"If I had a fucking knife, I'd cut my head off right now" — Swans Are Live

Swans
We Rose From Your Bed With The Sun In Our Head
Young God Records
Released: 5.8.12 (Proper release; Limited handmade edition released 2.2.12)

Severity.  Self-indulgence.  Instinctual art.  Primitive and emotional clarity manifest in perpetual, compositional, fascinating ruts.

 For an audience.  All for an audience.

The jogging clangor, a shower of bells and piano notes, percussive ringing tapped in rapid succession...  It's almost as if Michael Gira, head of the No Wave, Industrial legends-turned-high art collective Swans, sought to weed out the non-believers.  The frequency heightens, the music turning to screeching shrieks which then settles a tad just before "No Words/No Thoughts" is beaten into the foreheads of every man and woman in attendance.  Track 1 is over 23 minutes long, the first 13 minutes an introduction to the show as described above.  The applause seem polite, as if the crowd had been shocked into clapping.

It would be too easy, though, to report of or point out the obvious over-length of Swans' double live album, We Rose From Your Bed With The Sun In Our Head, so I won't.  If you know the band and you buy the album, you know what you're getting into.  You realize that this is not just an album, but an artistic investment.  You realize that by listening to Gira and his ensemble, you are devoting yourself to something fantastically huge that will likely stretch your tolerance to its threshold.  You realize you are opting, (mindfully and willingly opting), to have the contents of your head removed and rearranged by an album.  Gira has a penchant for building up suspense and you have elected to await the arrival of a full-blown and difficultly won money shot that arrives only sometimes.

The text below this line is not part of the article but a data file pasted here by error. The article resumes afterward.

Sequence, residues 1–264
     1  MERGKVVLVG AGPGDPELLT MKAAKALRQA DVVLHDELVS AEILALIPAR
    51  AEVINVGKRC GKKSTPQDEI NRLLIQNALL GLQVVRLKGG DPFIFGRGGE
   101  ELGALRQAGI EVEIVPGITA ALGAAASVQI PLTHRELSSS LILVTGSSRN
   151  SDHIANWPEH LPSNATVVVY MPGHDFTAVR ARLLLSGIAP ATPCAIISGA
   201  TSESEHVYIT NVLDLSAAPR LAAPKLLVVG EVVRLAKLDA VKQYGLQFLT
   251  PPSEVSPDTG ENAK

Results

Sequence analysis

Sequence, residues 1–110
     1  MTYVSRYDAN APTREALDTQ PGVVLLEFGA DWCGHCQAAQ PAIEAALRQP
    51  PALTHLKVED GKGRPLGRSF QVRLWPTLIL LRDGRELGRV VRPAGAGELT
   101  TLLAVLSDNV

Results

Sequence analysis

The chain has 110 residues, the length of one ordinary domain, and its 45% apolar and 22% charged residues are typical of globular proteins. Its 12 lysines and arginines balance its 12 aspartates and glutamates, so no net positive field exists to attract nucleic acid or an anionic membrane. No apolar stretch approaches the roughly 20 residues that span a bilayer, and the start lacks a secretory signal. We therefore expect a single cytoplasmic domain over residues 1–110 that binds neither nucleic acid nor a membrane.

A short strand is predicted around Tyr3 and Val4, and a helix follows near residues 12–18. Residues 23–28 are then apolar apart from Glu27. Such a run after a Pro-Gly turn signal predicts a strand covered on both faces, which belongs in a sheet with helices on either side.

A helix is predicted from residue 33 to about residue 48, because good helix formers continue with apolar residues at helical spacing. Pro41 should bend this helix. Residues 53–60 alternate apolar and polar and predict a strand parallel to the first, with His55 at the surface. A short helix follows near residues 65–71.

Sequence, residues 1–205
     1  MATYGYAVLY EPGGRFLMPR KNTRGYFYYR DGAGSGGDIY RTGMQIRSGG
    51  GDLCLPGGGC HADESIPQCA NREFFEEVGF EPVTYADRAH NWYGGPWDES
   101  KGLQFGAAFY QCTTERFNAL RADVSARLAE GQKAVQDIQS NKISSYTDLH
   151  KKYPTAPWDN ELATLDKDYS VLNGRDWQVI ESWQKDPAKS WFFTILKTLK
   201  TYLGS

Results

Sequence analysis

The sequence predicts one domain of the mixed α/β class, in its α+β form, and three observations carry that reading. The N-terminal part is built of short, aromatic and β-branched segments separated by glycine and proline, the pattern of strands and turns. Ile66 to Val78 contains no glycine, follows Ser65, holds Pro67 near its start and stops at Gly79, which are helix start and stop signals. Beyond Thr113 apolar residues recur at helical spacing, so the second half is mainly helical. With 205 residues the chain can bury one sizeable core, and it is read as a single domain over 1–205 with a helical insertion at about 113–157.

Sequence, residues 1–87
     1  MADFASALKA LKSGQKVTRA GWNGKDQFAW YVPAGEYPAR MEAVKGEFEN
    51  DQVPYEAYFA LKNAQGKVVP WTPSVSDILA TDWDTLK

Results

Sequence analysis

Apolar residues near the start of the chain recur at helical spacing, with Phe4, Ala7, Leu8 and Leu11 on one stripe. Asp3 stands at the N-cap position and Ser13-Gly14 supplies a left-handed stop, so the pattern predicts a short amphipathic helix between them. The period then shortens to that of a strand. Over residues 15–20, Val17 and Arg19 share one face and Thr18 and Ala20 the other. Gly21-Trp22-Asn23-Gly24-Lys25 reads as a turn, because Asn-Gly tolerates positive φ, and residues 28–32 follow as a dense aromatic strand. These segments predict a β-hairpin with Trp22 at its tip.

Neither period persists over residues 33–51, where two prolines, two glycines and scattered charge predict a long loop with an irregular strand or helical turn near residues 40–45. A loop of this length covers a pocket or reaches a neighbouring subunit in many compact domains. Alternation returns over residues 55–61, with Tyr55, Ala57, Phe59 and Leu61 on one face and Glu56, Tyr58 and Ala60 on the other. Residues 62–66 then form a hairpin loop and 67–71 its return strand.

When it arrives, though...  It's worth it.



We Rose From Your Bed With The Sun In Our Head was, in its first iteration, a handmade release limited to 1,000 copies that ranged in price anywhere from $30 to $600.  It was a way for Swans to meet the rising cost of recording their now upcoming new studio double-LP, The Seer.  There were, of course, novelties to go along with the purchase depending on which package you selected, some being genuine artwork from Gira.  One of the options even promised a personalized acoustic song, praising the benefactor by name.  Their enticements must've worked, because every copy was sold within 24 hours. WRFYBWTSIOH has since been released as a proper album and it stitches together performances from Melbourne, Australia, Berlin, Germany and New York City, which were recorded while the band toured for their 2010 release, My Father Will Guide Me Up a Rope to the Sky.

Swans dwells in the mire of their sounds, ornaments and embellishments decorating moments of cycling battery ("Beautiful Child") or enhancing trails of dissonance ("93 Ave. B Blues").  Their roots firmly planted in New York's abstract eruption of No Wave music in the early 80s, Swans remains a strange and abrasive sort of art rock presence fascinated with its own noise.  There's a sophistication to Gira's extremes, the industrialized and inaccessible aspects of the band's past now bred into this cultured mix of symphonic propulsion and wandering composition.  Their approach walks a fine line between self-indulgent tenacity and high minded expression, both of which require some patience from the listener, especially if this person isn't well-versed or somewhat acquainted with the music of Swans.

Gira pours himself into his performances like a tent revivalist, jumping on every syllable, chewing the theatrical scenery with the "JEEEEEEEEEEZUS CHRAAAAAAAAAST!"'s provided by "God Sex God," or the very pronounced declarations of "I HAVE A BYOOOUTEEEEFUL CHYLLLLLLD!"  It's over-the-top, but hard to dismiss or accept with a humored nonchalance.

While WRFYBWTSIOH offers a very well-produced and performed facsimile of a live show for its listeners, the album also offers somewhat of a sales pitch for The Seer, some of its material having been written while Swans toured.  "The Apostate," for instance, is heavily percussive and rhythmically circular.  "The Seer" is a cacophonous harsh that muscles its way to "I Crawled" medley-like, given some body through a thudding bass line (Christopher Pravdica) and rattling percussion (Thor Harris).  "93 Ave. B Blues" is an aimless mass of guitar runoff with an incidental and sporadic drum beat that precedes "Little Mouth," which finishes the album.  Gira offers a gentle "thank you" and the applause become silent.



Sincerely,
Letters From A Tapehead
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